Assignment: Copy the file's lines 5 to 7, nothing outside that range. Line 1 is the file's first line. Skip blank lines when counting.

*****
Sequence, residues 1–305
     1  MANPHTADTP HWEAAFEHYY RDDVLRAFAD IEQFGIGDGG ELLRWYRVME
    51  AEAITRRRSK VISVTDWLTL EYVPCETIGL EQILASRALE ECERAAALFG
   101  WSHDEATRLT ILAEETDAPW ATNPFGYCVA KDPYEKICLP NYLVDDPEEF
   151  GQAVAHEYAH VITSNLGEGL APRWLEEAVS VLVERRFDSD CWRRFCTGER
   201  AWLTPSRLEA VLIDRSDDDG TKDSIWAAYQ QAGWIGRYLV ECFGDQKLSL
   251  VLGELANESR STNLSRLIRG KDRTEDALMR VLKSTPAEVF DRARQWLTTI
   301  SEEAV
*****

   151  GQAVAHEYAH VITSNLGEGL APRWLEEAVS VLVERRFDSD CWRRFCTGER
   201  AWLTPSRLEA VLIDRSDDDG TKDSIWAAYQ QAGWIGRYLV ECFGDQKLSL
   251  VLGELANESR STNLSRLIRG KDRTEDALMR VLKSTPAEVF DRARQWLTTI